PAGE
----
After a number of weeks speaking to experts from differing customer roles, from a variety of company sizes, some key themes have emerged.
From those I consulted there is clearly a differentiation of challenge experience based on: maturity of role, size of company, legacy or start-up and so on. However, the following three themes unite all as challenges they face together, even if they do experience them in slightly different ways.
Throughout this article I refer to Customer work/role as an all-encompassing title for those working within Customer: Management, Experience, Design, Engagement and Success.
Showing their Worth and Obtaining Executive Buy-In
Within business we have a cultural fixation on numbers, we want to see trends and patterns – how else are we to know where we currently stand? This is far more simple for a department like Sales, where it is easier to watch profit figures rise and decrease and then determine one’s actions upon it. However, this language often does not translate to the work that a Customer role does.
I can hear the cries now as I write this, “What about NPS, that’s an easy way to measure and apply quantitative measures and thus showing your worth?” And I would agree, it is easy – hence why so many companies still use it as a way to track Customer Engagement and experiences. However, my rebuttal is simple – it’s not working as a communicative devise of worth. If out of all my research this theme comes up time and time again, it shows that the NPS is not a good enough measure to qualify the value of Customer work. There can be an argument made for qualitative vs quantitative work; how could you reduce a customer’s experiences into a number? But that’s another debate. The issue here is that the worth of the Customer role and their work is not reaching the ears of the rest of the company, and the executives.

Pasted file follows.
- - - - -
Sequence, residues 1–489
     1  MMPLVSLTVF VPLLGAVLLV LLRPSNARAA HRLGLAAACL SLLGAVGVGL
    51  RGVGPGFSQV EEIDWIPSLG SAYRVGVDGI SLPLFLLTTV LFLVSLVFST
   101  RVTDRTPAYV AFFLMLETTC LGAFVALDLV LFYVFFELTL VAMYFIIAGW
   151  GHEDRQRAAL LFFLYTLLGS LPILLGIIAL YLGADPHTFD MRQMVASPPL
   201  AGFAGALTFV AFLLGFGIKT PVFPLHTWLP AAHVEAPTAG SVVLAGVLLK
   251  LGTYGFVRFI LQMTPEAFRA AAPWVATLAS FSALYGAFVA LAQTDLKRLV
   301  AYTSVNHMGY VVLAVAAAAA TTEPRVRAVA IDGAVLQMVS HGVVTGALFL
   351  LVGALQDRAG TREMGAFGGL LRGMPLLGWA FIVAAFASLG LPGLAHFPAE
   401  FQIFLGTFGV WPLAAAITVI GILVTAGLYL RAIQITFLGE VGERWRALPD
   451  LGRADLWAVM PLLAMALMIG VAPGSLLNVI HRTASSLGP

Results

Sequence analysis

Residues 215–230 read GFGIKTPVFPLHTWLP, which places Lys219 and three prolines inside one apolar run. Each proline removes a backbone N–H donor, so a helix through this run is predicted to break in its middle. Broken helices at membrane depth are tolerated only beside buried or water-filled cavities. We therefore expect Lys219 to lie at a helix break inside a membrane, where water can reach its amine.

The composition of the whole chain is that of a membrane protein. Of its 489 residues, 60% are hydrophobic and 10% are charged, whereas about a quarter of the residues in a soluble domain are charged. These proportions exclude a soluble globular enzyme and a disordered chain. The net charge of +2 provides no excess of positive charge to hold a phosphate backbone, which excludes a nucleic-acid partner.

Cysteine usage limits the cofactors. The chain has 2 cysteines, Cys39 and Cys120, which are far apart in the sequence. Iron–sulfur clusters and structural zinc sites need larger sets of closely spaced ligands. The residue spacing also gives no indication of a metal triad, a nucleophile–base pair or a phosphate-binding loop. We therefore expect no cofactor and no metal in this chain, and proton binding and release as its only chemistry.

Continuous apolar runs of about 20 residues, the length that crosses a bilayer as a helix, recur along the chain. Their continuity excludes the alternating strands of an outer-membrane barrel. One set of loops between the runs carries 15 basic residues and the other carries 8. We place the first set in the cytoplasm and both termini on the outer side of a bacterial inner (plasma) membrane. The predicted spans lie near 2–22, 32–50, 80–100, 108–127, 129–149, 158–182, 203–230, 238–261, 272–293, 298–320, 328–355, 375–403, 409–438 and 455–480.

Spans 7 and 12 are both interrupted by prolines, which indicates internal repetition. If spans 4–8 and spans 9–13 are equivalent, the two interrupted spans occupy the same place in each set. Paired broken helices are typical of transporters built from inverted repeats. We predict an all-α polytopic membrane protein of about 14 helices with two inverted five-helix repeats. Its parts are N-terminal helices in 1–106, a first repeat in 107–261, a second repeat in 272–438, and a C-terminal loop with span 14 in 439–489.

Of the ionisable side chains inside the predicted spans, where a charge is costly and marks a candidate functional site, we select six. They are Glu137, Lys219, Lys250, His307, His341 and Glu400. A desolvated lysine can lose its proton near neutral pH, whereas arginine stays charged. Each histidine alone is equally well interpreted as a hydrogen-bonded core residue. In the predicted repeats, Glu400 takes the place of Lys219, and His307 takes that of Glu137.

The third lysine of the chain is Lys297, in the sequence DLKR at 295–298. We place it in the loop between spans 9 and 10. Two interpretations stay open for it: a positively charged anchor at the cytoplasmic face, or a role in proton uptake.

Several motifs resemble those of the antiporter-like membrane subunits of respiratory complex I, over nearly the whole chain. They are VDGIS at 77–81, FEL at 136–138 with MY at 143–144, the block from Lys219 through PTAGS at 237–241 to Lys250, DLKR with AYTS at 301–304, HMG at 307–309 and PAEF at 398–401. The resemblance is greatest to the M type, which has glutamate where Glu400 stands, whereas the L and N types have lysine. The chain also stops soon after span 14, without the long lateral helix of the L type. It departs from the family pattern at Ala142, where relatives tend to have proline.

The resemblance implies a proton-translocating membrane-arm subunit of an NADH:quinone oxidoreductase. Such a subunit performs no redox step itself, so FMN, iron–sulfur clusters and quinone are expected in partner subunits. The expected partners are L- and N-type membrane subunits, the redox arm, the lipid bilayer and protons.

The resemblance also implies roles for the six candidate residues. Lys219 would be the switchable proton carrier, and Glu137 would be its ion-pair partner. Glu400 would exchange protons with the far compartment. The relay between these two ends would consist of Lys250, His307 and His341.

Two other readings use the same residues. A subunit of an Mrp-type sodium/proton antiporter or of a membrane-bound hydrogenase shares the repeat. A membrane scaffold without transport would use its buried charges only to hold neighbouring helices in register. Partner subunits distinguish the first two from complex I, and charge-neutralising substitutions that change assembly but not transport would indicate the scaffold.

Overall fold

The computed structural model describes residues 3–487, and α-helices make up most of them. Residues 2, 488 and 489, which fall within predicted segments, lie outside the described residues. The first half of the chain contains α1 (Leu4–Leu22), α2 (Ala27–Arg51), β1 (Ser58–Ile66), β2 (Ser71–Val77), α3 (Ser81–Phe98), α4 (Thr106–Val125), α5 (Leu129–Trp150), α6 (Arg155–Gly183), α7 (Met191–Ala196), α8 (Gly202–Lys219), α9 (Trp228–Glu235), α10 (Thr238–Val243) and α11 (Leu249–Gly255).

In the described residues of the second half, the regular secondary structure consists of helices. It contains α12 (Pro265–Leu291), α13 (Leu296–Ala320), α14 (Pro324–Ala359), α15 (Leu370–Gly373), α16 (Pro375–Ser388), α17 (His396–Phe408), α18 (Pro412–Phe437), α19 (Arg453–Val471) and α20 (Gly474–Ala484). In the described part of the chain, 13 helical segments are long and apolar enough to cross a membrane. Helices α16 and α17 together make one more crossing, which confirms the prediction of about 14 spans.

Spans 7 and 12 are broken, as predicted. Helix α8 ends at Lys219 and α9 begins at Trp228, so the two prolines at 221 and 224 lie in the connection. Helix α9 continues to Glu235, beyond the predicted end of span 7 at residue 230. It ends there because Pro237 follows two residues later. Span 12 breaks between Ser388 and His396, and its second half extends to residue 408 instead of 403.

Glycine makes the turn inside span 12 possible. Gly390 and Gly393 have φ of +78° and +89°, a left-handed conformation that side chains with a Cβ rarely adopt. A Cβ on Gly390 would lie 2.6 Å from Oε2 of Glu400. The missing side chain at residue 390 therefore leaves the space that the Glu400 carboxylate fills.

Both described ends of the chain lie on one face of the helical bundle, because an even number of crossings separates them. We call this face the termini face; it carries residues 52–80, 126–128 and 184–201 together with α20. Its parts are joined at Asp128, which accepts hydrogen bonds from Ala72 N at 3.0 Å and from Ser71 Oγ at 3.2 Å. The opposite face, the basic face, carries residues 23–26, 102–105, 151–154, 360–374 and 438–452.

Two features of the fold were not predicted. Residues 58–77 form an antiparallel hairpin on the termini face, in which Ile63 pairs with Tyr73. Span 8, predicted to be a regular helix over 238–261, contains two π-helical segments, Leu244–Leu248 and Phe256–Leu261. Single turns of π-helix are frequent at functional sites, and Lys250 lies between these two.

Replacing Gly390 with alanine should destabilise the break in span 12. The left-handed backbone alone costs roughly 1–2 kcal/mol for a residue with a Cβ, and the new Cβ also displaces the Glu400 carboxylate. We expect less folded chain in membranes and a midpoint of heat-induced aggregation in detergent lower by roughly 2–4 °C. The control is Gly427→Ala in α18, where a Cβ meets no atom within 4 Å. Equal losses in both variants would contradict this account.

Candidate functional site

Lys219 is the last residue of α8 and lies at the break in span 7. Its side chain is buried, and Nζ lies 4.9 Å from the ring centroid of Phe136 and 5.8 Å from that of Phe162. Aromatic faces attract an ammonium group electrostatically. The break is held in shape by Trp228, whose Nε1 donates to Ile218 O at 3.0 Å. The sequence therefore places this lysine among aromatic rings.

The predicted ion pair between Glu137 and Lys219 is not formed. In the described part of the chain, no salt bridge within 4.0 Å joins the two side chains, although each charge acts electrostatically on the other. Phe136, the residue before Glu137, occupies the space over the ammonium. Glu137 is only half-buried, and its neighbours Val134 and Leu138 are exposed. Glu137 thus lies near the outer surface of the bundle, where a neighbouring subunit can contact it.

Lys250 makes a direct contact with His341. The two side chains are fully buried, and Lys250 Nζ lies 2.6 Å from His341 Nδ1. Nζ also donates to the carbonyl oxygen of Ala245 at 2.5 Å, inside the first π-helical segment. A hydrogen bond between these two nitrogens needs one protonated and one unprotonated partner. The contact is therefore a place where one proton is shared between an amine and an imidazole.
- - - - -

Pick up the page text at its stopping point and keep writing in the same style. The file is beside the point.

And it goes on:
Not only is there a barrier in language, but also a cultural jamming in many companies – there is a theme of “It’s nice to have” rather than a “It’s crucial we have…” – This is directly related to the current inability to properly communicate the worth of the Customer role. This cultural issue is bizarre given that in today’s climate Customers are choosing a more personalized and humanized approach to companies, rejecting those that regard them as just another number. Which would give the assumption that Customer work would be front and center of every companies c-suite – but alas that is far from the truth.